If Congress revisits either of these matters, it should adjust the code to include process patents in both the Orange Book and the Purple Book. Listing process patents in the Orange Book would serve a public good, namely, that of transparency, but also would notify competitors of the manufacturing space the pioneer drug company intends to protect. Delaying such litigation until after a possible generic approval is messy for all parties involved. As more medications become too complex to manufacture by alternative routes, the importance of process patents in complex biologic and nonbiologic drugs will only increase.

 


Information Sharing: Tesla and the Open Patent Framework

Bernard Cryan, MJLST Staffer

Information Sharing: Tesla and the Open Patent Framework

By Bernard Cryan

Patents offer powerful protection of intellectual property, i.e., inventions. Patents confer the patent owner the right to exclude others from making, using, or selling the patented invention for a limited time. In return for a limited monopoly, the inventor must disclose the invention. This is the classic quid pro quo of the patent system—a limited monopoly granted by the government to an inventor in exchange for revealing helpful information to society. Tesla owns many patents on its electric vehicle technology. Under Elon Musk’s direction, Tesla has decided to allow others to use its patented technologies to “accelerate sustainable transport.”

The Patent System

The patent system often works as expected—the patent owner practices the patented invention and prevents others from doing so. Sometimes, however, the patent system can behave oddly. For example, contrary to popular belief, patents do not grant the patent owner automatic permission to practice the invention. This situation can occur in the pharmaceutical industry. For instance, a drug maker can acquire a patent on a pharmaceutical not yet approved by the Food and Drug Administration (FDA). As a result, the drug company cannot itself make, use, or sell the drug—even though it owns a patent on the drug. Therefore, a patent alone is insufficient to practice the invention. An additional inquiry is required, i.e., is the patent owner allowed to make, use, or sell the patented invention?

An opposite oddity can also occur. One can practice an invention that is patented by another. This occurs through either a formal license agreement or an open patent framework. A license, in the patent context, is simply an agreement between the patent owner and another party granting legal permission to use the patented invention. The more interesting framework, however, is the use of an open patent system. An open patent is a patent that is intentionally not enforced. In other words, the owner of the patent allows others to use the invention and actively avoids filing an infringement lawsuit—which is the main platform to enforce patent rights.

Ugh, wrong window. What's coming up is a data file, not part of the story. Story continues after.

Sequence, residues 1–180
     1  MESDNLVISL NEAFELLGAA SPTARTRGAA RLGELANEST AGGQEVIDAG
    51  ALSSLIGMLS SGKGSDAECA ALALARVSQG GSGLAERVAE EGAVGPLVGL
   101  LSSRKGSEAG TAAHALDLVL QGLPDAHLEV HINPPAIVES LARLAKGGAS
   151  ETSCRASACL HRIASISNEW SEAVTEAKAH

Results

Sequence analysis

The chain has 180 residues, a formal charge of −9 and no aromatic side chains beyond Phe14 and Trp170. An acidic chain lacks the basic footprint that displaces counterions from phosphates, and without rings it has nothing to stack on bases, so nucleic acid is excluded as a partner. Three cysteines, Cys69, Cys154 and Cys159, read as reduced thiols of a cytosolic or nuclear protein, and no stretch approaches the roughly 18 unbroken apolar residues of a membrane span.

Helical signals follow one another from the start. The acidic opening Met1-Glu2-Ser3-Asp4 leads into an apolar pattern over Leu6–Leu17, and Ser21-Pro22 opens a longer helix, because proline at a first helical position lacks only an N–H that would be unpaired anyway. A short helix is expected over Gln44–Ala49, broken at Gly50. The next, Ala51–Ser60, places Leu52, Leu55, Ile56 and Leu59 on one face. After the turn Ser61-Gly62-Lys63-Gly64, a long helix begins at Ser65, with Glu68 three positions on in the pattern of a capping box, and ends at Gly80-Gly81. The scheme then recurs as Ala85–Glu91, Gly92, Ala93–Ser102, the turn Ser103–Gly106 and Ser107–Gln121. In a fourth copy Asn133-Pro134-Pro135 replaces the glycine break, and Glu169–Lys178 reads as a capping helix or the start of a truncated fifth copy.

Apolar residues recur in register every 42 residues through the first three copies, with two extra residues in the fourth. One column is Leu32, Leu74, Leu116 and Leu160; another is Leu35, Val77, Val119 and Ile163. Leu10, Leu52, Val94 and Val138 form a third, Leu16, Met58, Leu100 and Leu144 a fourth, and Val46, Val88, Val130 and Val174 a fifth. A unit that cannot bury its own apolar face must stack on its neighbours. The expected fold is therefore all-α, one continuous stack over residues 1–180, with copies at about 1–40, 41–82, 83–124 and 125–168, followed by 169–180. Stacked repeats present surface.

Tesla’s Pledge

Elon Musk believes the carbon crisis calls for joint efforts amongst all automakers to build electric vehicles. In 2014, Tesla pledged that it would not file patent infringement lawsuits against companies that use, in good faith, Tesla’s electric vehicle patented technology. In Tesla’s words:

“What this pledge means is that as long as someone uses our patents for electric vehicles and doesn’t do bad things, such as knocking off our products or using our patents and then suing us for intellectual property infringement, they should have no fear of Tesla asserting its patents against them.”

The Good

Another car company can use Tesla’s patented technology instead of spending resources developing similar electric vehicle technology. Tesla is the leading seller of electric vehicles and has sold more than 380,000 electric vehicles (as of April 2019). There is still opportunity for electric vehicle development as the electric vehicle market share is small (1.8% as of March 2019). As a result, Tesla’s pledge is significant because it encourages the sharing and use of powerful information in the auto industry, which should accelerate society’s move toward electric vehicles. The use of proven technology can facilitate a start-up company’s path to success or focus an established automaker’s efforts to develop electric vehicles. Further, Toyota has followed Tesla’s approach with respect to its hydrogen fuel cell technology. This open patent framework is not limited to only the auto industry. Google, for example, has pledged to open some of its patents directed at encryption technologies.

The Bad

While Tesla’s pledge may appear revolutionary, it has drawbacks. Some companies may fear the legal tools to enforce Tesla’s pledge are insufficient. As a result, automakers may be reluctant to use the patented technology out of fear that Tesla will not follow through on its promise. While a formal license agreement to use patented technology is enforceable through reliable legal tools, an informal pledge posted in blog format by a CEO on the company website may not carry the force of law. Is Tesla required to follow through with its pledge? Maybe, under the legal doctrine of estoppel. Will Tesla withdraw its pledge? It is unlikely as Elon Musk recently reminded the world of Tesla’s pledge. Nevertheless, Tesla’s pledge may have only limited impact if other automakers lack confidence to legally enforce the pledge.

The Takeaway

This open patent framework has enormous potential to facilitate innovation by concentrating companies’ efforts to build on each other’s prior work, rather than around it. Time will reveal the true impact of open patent pledges like Tesla’s. Most recently, XPeng, a Chinese automaker inspired by Tesla, has secured a $400M investment.